Wikia

Man with no name Wiki

The man with no name

Talk0
45pages on
this wiki
Clint eastwood
The man with no name (Clint Eastwood)
Kingsean92Added by Kingsean92

The man with no name (in Italian l'uomo senza nome) is the eponimous main character played by actor Clint Eastwood in a fistful of dollars, for a few dollars more and the good the bad and the ugly. He wears the same clothes in every film and has a cold sense of humor, he has become to be recognized as an archetype of anti-hero. His real name is never referenced in the course of the trilogy, although other characters give him different aliases, for example manco or blondie. He has also appeard in a number of spin-off comics and novels.

A Fistful of Dollars. Edit

The man with no name arrived in a Mexico border town called San Miguel where two feud families, the rojo brothers( consisting of Don Miguel, Esteban and Ramòn Rojo) and the Baxters (the town sherriff's family), battled each other from decades to take control of the alcool and weapons monopoly. After knowing about the rivalry beetween the two families the man with no name projected to play them against each other in order to make him self a fistfull of dollars. He cooperated with the Rojo brothers, keeping an eye on Ramòn wich was the most intelligent of all, while also working for the Baxters. After collecting a relativeley lot of money, given to him by the two families to thank him for his service, the man with no name intended to leave the town but not long later he met a woman named Marisol, she told him she was a prisoner of Ramòn Rojo and that she desired to reunite with her husband and child, so after letting her free he gave her a part of his money and told her and her husband Josè to flee the town with there son Jesus. When Ramòn heard the news he quickley captured the man with no name and tortured him, he also made him left handed after breaking his right hand. The man with no name eventually escaped his enemy and found refuge and help from Piripero the carpenter-funeral director. Ramòn, thinking the Baxter family were hiding him away burnt down their house and killed every single one of them. Some time later, when the man with no name recovered from his injures, he planned an assault on Ramòn and his enchmen, the assault started with a big explosion in the central town's square, Ramòn and his four men came out in the smoke of the explosion and saw coming towards them the man with no name in perfect shape sayng aim to the heart, after a moment Ramòn drew his gun out and started firing at him in the chest, after falling backwards seemingly dead, he started getting back up as if he were immune to the bullets, he took off his poncho revealing below it a steel plate serving as a shield-armor. Ramòn and his men tried ones more to shoot him but he fastly drew his gun and shot all four of the henchmen while only disarming Ramòn of his weapon, he later put his own gun down and challenged him to a drawing duel, hoo would pick there gun up, reload first and shoot the adversary would win, Ramòn tried to pick his weapon up and reload but he was faster and shot him, killing him and ending his brother hood. Don Miguel tried to shoot the gunslinger from a building but Silvanido the innkeaper killed him in time. The man with no name, having restored justice, later fled the city before the government forces would arrive.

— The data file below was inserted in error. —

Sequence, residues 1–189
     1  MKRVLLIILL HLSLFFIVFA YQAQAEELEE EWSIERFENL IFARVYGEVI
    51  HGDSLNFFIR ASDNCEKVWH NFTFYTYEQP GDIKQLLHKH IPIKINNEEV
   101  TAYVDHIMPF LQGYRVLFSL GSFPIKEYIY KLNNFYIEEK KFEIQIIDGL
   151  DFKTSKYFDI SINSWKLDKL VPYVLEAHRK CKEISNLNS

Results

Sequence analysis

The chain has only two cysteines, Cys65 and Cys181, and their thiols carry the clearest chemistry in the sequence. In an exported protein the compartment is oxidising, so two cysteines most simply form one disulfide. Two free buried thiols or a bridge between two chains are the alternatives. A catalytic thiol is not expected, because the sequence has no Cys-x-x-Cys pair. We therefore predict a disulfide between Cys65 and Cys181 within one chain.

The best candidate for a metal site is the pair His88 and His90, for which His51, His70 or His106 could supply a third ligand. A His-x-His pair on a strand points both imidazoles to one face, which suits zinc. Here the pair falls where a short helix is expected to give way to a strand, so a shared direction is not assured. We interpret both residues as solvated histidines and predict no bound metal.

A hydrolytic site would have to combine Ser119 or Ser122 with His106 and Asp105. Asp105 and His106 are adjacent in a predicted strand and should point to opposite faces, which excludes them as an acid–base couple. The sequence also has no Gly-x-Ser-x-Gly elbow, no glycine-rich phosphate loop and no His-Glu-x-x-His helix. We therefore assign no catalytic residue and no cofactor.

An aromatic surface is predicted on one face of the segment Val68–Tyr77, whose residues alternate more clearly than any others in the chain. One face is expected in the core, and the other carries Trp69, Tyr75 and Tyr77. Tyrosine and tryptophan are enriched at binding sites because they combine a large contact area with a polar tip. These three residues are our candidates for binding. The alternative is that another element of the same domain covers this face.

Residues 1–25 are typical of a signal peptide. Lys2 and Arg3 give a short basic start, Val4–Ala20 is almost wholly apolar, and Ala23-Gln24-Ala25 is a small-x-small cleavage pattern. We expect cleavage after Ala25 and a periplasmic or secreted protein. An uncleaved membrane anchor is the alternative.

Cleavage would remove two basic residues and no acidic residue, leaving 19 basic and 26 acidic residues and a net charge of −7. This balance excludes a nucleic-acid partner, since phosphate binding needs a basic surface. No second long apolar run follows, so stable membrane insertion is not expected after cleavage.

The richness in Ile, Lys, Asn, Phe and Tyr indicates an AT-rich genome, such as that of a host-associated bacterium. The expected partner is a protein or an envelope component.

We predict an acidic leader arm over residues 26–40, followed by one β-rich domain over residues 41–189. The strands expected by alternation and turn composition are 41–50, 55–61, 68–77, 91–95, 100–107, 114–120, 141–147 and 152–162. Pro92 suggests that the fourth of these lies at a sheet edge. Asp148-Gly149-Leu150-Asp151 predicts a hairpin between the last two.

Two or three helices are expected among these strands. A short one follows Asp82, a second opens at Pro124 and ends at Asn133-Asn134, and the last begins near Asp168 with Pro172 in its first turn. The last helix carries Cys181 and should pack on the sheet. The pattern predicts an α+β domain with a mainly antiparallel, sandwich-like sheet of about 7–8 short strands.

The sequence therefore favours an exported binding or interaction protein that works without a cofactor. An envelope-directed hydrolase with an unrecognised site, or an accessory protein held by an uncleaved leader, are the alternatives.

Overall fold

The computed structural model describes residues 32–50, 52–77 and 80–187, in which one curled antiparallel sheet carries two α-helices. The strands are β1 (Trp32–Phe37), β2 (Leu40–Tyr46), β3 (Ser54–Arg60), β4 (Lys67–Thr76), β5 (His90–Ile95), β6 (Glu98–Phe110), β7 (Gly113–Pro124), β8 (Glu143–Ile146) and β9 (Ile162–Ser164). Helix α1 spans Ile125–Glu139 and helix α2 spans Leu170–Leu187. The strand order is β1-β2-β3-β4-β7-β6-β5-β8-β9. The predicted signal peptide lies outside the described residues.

For a Few Dollars More. Edit

Some time after the events of a fistfull of dollars the man with no name (also refered to as "manco" in this film) was on the hunt for an outlaw called Red "baby" Cavanagh with a $2000 bounty on his head, he eventually found the outlaw in a bar and killed him, he then recovered the bounty. Later he met up with with col Douglas Mortimer, who reveald he was bounty hunting Cavanagh too. Mortimer pursuaded the man with no name to hunt down another wanted man called el Indio who was one of the most infamous criminals in the western territories; The man with no name accepted Mortimer's offer, Knowing that el Indio was going to rob the town bank of El Paso he separated from Mortimer and joined El indio's gang by freeng one of his men from jail, after the robbery was complete the gang escaped with the money to a little town in the hills where the man with no name reunited with Mortimer in order to set a trap on el Indio but unfortunatley they were captcherd and badly treated.

That night el Indio freed the two in order to let his gang run after them so he could escape with the money. The next morning the man with no name and Mortimer faught el Indio's thugs and emerged succesfull from the shootout, they later met him and he challenged Mortimer to a gun draw. Mortimer prooved himself fast enough for the challenge and shot him in the chest, killing him; Mortimer then explained to the
FewdollarsmoreClintCleef
Man with no name and Mortimer after the shootout with El Indio and his men.
Kingsean92Added by Kingsean92
man with no name that his interest in killing el Indio wasn't pushed by gaining money but to take revenge on him for raping and inducing his sister to suicide. He later departed from the man with no name leaving him counting the dead bodies of the men they had both killed.

The man with no name piled the dead men on a wagon and killed one last thug that had survived, he put the bag of money on his shoulder and rode away to receive his bounty for killing the trecherouse el Indio and his men, leaving unknown the answer if he would ever give the stolen money back to the bank of El paso.